Has Prime Minister Silvio Berlusconi Created Titillating TV Fascism in Italy?


Waving banners scrawled with "Berlusconi is bad for Italy's health," more than 100,000 people rallied to protest for a free press in Italy over the weekend. Not surprisingly, Italy's newspapers and television barely covered the event in Rome's Piazza del Popolo.

The Italian Press Federation organized the gathering after nearly two decades of growing interference in free journalism within and around the media empire owned by Prime Minister Silvio Berlusconi.

The protest capped a summer in which Berlusconi's wife dumped him for allegedly having an underage girlfriend and pornographic video and pictures surfaced from his Sardinian party house.

Last week, journalists on one of the government-owned broadcasting channels, RAI 2, interviewed a woman, Patrizia d'Addario, who claimed she took money to have sex with the Italian leader. The government promptly withdrew the journalists' contracts, even though d'Addario's tell-all book about her romp with the septuagenarian has been covered widely in Europe.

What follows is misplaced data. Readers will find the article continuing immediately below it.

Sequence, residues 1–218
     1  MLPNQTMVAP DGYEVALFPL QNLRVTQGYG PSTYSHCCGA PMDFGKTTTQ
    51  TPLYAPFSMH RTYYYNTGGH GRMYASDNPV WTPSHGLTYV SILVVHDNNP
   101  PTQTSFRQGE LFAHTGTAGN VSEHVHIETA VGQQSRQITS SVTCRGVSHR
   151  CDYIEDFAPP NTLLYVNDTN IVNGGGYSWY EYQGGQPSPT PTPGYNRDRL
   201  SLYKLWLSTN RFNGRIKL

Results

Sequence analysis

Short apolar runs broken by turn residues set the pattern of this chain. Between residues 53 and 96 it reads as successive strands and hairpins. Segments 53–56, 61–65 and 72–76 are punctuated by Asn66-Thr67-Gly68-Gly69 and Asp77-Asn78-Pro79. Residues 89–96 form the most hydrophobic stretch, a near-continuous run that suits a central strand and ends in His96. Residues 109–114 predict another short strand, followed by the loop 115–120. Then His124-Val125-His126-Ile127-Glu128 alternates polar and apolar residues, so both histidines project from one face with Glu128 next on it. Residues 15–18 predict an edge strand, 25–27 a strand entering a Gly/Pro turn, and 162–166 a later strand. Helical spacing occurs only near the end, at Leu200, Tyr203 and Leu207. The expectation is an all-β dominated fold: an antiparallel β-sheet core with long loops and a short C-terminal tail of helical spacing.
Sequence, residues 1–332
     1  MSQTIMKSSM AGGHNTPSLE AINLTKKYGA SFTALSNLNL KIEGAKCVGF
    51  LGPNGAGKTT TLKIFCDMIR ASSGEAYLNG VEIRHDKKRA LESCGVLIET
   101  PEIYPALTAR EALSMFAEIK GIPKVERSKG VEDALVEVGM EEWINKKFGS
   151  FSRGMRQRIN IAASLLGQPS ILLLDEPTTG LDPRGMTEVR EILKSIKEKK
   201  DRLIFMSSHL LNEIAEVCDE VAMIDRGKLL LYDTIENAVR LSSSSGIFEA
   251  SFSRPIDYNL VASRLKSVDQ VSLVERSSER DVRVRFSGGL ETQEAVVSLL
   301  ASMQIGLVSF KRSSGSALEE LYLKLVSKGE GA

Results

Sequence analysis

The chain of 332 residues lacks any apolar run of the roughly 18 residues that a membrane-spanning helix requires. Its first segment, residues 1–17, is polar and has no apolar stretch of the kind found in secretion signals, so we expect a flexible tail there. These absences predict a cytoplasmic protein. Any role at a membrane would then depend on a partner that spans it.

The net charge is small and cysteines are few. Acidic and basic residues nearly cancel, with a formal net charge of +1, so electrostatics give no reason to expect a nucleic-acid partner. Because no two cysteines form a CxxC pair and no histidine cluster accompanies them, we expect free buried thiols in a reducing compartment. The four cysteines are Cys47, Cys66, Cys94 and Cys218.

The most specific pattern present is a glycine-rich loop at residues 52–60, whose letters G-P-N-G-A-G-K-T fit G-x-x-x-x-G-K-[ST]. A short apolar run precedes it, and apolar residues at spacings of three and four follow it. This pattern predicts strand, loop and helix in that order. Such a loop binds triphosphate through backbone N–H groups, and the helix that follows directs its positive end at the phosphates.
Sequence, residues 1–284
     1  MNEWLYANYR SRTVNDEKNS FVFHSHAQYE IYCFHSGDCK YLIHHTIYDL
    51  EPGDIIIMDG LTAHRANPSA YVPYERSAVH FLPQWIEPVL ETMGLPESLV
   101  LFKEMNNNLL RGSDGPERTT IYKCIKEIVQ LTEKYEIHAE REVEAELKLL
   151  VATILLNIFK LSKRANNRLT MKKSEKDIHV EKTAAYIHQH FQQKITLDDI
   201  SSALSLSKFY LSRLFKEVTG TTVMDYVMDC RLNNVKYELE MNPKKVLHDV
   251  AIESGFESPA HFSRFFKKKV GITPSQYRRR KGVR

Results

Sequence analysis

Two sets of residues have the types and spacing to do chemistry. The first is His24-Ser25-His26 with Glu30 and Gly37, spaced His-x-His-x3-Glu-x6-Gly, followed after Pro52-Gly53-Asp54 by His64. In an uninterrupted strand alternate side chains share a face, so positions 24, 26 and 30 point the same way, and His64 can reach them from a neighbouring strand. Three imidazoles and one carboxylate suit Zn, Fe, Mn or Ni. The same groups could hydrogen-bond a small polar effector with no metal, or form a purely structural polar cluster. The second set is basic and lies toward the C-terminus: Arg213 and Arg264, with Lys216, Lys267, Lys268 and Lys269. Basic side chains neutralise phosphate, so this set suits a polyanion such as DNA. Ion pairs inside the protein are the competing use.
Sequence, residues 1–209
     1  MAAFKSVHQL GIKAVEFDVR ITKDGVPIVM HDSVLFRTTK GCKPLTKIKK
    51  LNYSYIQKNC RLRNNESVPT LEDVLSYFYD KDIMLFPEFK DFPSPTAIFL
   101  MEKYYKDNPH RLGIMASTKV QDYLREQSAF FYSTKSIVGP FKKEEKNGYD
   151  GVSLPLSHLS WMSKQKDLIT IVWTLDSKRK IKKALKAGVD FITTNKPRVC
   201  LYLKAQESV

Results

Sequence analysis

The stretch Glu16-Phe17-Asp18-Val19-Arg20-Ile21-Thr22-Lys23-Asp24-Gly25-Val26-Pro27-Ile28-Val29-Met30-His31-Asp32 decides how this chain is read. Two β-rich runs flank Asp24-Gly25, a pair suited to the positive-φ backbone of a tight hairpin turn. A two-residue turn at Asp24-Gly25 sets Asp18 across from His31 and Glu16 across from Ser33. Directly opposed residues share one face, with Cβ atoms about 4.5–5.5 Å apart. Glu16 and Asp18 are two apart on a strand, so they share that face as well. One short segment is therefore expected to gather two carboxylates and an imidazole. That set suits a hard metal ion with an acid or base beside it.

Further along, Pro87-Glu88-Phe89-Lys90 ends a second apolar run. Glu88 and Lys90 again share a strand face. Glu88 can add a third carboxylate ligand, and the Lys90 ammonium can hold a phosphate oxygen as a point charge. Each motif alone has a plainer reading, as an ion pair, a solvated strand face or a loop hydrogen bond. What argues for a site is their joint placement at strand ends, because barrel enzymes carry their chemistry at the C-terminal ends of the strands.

While half of Italy apparently still supports the randy PM, the firings are only the latest in a long history of incursions against press freedom by the Berlusconi government. Italy's journalists are not in fear for their lives as are reporters in Zimbabwe or Russia, but they are in fear for their jobs.

Many leading broadcasters and writers have been fired or quietly relieved of work over the years for criticizing the prime minister. They, and their commentary, have been replaced by young women whose rise in broadcasting is related to their ability to perform the "stachetto" -- a kind of partially clothed pole dance, without the pole, that is the chief entrance test for women who want to join Berlusconi's television empire.

Only a few journalists remain with the access and courage to question, or even cover, scandalous personal and official behavior by the PM that would, in the United States and most other European countries, have provoked drastic regime change.